What is philosophy? There are so many definitions of philosophy. It is not altogether unlikely that the “What is…?” question is not the best way to approach a definition of philosophy. There are many other important questions for defining and describing philosophy. Who are philosophers? What do philosophers do? How does one become a philosopher?Continue reading “What is Philosophy?”
It’s not uncommon to hear someone propose the ethical injunction to “treat people like individuals.” It’s mostly used in reference to the complicated ethico-political problem of negotiating intersecting group dynamics: ages, genders, sexes, races, classes, ethnicities, religions, abilities, capabilities. What does it actually mean?
A good theory must ultimately draw distinctions between different kinds of beings. However, it must earn these distinctions rather than smuggling them in beforehand, as occurs frequently in the a priori modern split between human beings on one side and everything else on the other (see Latour 1993 [We Have Never Been Modern]). This answersContinue reading “Notes on Immaterialism”
Coexistentialism: Unbearable Intimacy, Ecological Emergency. The manuscript is finished and off to the publisher. It’s around 110,000 words. The best thing about coexistentialism is the “co-,” indicating an ecological redistribution of Heidegger’s Mitsein (being-with) to include all beings, human, nonhuman, and otherwise. The worst thing is the “ism,” which is no doubt risky; it can degenerateContinue reading “Coexistentialism”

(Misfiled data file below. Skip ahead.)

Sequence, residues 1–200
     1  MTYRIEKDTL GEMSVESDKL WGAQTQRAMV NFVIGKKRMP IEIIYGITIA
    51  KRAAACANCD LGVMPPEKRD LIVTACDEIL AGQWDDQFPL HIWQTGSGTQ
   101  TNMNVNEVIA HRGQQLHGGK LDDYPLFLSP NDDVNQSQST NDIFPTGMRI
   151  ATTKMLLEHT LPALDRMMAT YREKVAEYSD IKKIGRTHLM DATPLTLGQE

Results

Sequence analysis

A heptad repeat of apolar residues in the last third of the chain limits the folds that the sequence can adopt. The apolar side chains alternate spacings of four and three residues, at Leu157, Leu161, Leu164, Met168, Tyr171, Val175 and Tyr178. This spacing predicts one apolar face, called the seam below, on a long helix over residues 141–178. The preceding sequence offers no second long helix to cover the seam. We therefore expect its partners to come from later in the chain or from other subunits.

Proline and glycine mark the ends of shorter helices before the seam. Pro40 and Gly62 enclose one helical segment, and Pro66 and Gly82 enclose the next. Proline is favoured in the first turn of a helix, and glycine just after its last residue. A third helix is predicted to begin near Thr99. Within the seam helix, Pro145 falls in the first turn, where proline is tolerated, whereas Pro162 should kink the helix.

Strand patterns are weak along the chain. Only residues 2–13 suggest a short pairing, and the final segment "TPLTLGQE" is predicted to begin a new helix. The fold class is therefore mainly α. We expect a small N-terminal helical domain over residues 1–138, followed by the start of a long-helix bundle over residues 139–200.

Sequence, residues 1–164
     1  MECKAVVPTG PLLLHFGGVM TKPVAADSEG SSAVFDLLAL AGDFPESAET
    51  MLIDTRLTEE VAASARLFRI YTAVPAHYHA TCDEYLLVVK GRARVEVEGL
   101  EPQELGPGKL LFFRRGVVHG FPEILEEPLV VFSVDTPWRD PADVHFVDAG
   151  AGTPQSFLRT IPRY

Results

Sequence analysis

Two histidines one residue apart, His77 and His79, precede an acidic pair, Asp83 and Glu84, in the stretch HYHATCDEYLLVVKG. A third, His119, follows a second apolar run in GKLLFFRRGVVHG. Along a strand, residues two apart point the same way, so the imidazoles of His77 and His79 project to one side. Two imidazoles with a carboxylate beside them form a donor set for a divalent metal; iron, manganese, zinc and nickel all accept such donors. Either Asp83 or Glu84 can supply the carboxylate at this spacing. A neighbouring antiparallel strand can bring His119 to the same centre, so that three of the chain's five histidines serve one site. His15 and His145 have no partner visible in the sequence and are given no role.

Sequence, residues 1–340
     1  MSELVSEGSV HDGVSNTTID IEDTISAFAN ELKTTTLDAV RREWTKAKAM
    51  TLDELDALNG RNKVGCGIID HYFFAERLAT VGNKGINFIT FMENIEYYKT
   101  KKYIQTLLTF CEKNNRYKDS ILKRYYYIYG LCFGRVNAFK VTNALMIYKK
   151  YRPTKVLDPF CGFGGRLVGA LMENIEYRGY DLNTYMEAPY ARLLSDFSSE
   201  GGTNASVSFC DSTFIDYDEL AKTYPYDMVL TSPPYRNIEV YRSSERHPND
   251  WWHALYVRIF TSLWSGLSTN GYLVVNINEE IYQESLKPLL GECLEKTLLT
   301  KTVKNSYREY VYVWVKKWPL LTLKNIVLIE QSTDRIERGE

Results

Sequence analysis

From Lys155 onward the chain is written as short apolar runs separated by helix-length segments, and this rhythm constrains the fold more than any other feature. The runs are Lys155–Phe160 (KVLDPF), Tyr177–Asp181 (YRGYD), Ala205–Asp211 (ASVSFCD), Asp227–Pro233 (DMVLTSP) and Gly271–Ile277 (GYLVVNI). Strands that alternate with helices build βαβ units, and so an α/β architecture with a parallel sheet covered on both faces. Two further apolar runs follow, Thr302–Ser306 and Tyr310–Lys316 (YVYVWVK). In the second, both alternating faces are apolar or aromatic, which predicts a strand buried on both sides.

In his Corpus (Fordham, 2008), Jean-Luc Nancy develops something like an object-oriented ontology. Instead of an object or actor as the primary focus of his orientation, it is a body, a corpus, and instead of Latour litanies, he develops a catalogue. Hoc est enim: this world-here, stretched out here, with its chlorophyll, its solar galaxy,Continue reading “Catalogue of Bodies: Corpus-Oriented Ontology”
Aristotle is underrated. He is not some dry systematic thinker who abstracted and oversimplified the insights of his teacher. Plato and Aristotle are too often reduced to straw men who are guilty of establishing the structures (especially dualisms) that have caused most of the world’s subsequent problems. Some people rescue Plato by reminding everyone ofContinue reading “(Re)Introducing Aristotle, 1: Nature and Things”
Are objects unities? Identities? Or, on the other hand, are they multiplicities? This question is answered in different ways in different kinds of object-oriented ontology. Object-oriented philosophy (represented by Graham Harman) is more focused on unities and identities, whereas onticology (represented by Levi Bryant) prefers multiplicities. Consider Bryant’s remarks in a recent post: While objectsContinue reading “Unity Versus Multiplicity in Object-Oriented Ontologies”